Due to the just-introduced Commercial Use Limit on Search, many LinkedIn members are hitting the search quota for the month in the first day or two of January 2015 - and have to wait another month to search again.

LinkedIn didn't say how many searches are "too many"; the experience shows it's around sixty searches for one month.

I find limiting the search for unpaid accounts reasonable. It's not new; a number of commercial search systems have similar limitations.

If you are struggling with the new limits on searching and are not ready to go with a paid account yet:

1) There are a number of ways to search that are not counted in the monthly quota. These ways are no substitute for the advanced member search, but can be quite useful.

This includes:

2) Naturally, Googling for LinkedIn profiles ("X-Raying") remains unlimited!

Use this Custom Search Engine to X-Ray LinkedIn:

http://bit.ly/Search-LinkedIn

(I have updated the Search Engine URL to provide up to 1,000 results.)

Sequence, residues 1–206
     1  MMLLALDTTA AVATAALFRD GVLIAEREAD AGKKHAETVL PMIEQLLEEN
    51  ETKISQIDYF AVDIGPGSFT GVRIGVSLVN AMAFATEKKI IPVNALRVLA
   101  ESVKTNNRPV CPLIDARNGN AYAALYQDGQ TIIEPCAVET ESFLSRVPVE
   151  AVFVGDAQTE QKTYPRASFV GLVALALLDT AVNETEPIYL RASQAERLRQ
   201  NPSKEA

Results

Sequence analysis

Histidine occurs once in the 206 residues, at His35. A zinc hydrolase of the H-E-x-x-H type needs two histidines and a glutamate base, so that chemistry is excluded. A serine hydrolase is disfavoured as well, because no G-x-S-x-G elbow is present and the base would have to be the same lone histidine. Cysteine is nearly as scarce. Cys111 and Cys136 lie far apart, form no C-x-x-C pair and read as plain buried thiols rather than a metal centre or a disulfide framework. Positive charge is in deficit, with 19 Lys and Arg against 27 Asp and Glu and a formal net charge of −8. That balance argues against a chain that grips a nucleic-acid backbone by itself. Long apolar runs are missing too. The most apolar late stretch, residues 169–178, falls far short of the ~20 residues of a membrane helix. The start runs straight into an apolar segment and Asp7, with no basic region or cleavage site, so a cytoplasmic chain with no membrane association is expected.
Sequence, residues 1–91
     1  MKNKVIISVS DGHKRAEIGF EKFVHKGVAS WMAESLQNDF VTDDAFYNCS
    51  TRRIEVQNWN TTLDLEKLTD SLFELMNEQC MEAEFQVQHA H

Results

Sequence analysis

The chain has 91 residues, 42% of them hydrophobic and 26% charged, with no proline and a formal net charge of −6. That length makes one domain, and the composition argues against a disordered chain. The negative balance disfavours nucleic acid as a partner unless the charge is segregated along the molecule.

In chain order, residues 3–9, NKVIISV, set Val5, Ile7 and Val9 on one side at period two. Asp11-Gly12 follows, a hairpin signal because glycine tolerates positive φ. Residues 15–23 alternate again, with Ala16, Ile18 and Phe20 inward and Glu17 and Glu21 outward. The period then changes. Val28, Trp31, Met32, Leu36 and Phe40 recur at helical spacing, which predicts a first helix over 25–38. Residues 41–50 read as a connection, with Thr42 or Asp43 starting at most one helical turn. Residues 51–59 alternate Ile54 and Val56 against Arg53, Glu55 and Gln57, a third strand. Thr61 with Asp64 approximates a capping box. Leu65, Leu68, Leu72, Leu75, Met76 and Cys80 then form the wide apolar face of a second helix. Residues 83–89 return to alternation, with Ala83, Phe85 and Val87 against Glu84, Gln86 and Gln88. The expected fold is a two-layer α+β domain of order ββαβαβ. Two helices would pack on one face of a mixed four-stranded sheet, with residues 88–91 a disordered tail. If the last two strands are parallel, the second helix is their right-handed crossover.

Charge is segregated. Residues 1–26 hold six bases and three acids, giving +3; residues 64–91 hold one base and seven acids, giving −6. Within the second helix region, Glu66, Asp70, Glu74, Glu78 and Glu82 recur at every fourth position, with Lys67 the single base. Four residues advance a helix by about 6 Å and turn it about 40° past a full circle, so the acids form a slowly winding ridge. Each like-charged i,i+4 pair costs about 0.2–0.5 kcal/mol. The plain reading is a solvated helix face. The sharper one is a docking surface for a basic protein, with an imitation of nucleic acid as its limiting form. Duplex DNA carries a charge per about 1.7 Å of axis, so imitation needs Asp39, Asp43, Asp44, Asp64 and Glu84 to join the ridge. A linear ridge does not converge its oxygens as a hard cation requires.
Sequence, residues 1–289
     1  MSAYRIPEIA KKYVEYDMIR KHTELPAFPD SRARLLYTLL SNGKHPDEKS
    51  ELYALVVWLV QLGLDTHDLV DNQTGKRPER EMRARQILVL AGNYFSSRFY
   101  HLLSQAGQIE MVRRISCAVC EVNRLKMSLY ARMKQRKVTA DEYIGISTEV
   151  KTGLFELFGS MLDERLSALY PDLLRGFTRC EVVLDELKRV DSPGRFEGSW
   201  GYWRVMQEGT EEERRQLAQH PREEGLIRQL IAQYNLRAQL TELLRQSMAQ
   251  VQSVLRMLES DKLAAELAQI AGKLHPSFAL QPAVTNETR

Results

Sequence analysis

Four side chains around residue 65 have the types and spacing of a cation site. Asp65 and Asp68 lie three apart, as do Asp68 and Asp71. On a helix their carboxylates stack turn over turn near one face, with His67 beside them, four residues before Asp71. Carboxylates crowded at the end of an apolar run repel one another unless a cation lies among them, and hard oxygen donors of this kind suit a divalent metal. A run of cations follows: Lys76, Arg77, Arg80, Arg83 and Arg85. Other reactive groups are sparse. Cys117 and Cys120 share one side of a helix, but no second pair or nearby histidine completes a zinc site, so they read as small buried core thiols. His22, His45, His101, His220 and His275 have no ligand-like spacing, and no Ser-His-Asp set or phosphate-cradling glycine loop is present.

Here are some example uses:

Enjoy!

>> Let's connect on LinkedIn (I can't accept due to LinkedIn limitations but I will invite you back)

>> Follow me on Twitter: @braingain

Views: 1029

Comment by Nicholas Meyler on March 11, 2015 at 4:01pm

LinkedIn has not given me my email quota, although I received 6 responses yesterday (all with the headline "we will credit you 1 inmail").   I pointed this out to them, and they generously gave me 1 inmail for my troubles (I mailed them all six to show them what I was talking about).

They blithely ignored that, didn't apologize, and also ignored that I pointed out multiple bugs and defects in the system.  For instance, they are incorrectly showing me with a 3% response rate (my response rate is about 25%, over a period longer than a year)... and their 'feedback' score function has been stuck on the same number for the past three months, so obviously broken.

In addition to all the fake profiles and the continued scalping of our money, and violations of the terms of the agreement, this is just another problem, but it clearly shows an intent to defraud and general negligence, I think.

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